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Winter Skin Care Tips

tipswinterskinHealth & Wellness • 2 min read • Nov 11, 2013 12:00:00 AM • Written by: Kat Smith

Did you know that the skin is the human body’s largest organ? As we head into the dryer, colder winter months, it’s time to take your skin care regimen more seriously.

Skin Care Tips for Winter

Sick of dry, cracked winter skin? Follow these eight cold weather skin care tips:

Lock in Moisture

After you wash your face or bathe, be sure to apply moisturizer to seal in moisture and prevent irritated, dry skin. If you experience extremely dry skin each winter, then you may want to switch from a regular cream or lotion to a more intensive oil-based moisturizer.

Drink Plenty of Water

Stay hydrated by drinking several glasses of water per day. This can also help you to maintain healthier, moisturized winter skin.

Limit Face-Washing

To avoid drying out your skin, only wash your face in the morning and evening or after you have been exercising or sweating. If you need to refresh your skin throughout the day, try a splash of cold or lukewarm water and a non-abrasive wash cloth and pat dry.

Don’t Overdo Hot Showers and Baths

While it can be relaxing to enjoy a hot shower or bath in winter, excessively hot water can irritate your skin and dry it out further. Limit your exposure to very hot water temperatures and apply moisturizer after a hot bath or shower.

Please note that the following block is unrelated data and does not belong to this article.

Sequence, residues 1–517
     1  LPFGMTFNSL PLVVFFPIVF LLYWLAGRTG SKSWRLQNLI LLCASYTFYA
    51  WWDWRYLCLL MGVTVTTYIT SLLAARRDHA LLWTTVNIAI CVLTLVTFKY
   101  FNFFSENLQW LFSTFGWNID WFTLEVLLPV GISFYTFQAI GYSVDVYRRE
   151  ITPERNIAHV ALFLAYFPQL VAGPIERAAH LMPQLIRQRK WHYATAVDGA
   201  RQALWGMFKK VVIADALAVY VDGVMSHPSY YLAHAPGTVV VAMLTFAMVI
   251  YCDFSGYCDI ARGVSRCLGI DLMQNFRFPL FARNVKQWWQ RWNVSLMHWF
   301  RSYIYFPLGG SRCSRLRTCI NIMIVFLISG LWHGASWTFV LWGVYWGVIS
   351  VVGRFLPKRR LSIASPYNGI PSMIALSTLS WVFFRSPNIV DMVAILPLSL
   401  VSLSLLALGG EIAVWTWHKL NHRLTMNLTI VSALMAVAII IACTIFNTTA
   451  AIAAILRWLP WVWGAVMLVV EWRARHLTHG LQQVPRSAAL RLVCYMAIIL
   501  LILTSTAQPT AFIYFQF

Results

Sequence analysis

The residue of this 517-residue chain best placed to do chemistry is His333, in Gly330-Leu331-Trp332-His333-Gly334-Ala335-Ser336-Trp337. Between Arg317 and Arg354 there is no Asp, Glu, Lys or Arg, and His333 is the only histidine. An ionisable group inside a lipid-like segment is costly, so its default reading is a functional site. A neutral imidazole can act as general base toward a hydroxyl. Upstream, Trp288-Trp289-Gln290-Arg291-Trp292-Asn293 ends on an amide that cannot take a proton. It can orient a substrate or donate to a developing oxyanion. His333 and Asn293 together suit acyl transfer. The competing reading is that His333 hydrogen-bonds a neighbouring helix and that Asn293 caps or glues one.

Use a Humidifier

Indoor heating can make the air in your home or office extremely dry. If you spend most of the day indoors, use a humidifier to add moisture to the air and prevent dry, flaky skin.

Wash and Moisturize Hands

Washing your hands with warm water and soap is one of the best ways to prevent the spread of germs. To avoid drying out the skin on your hands as you wash, use lukewarm and not scalding hot water and follow with moisturizer. Avoid using hand sanitizers, which contain alcohol and can lead to dry skin.

Apply Sunscreen

When outdoors, remember to apply an SPF 30 sunblock that protects against both UVA and UVB radiation. Even in winter, and especially around reflective snow or water, the sun can damage your skin.

Check Your Skin for Changes

Check your skin for changes and know the signs of a skin infection, which include redness, boils, rashes, and sometimes fever. If you have a cut or scrape and start to notice the symptoms of a skin infection, contact your physician for a consultation.

What are your biggest skin care challenges during the winter months? Please share your thoughts or questions in the comments below.

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Kat Smith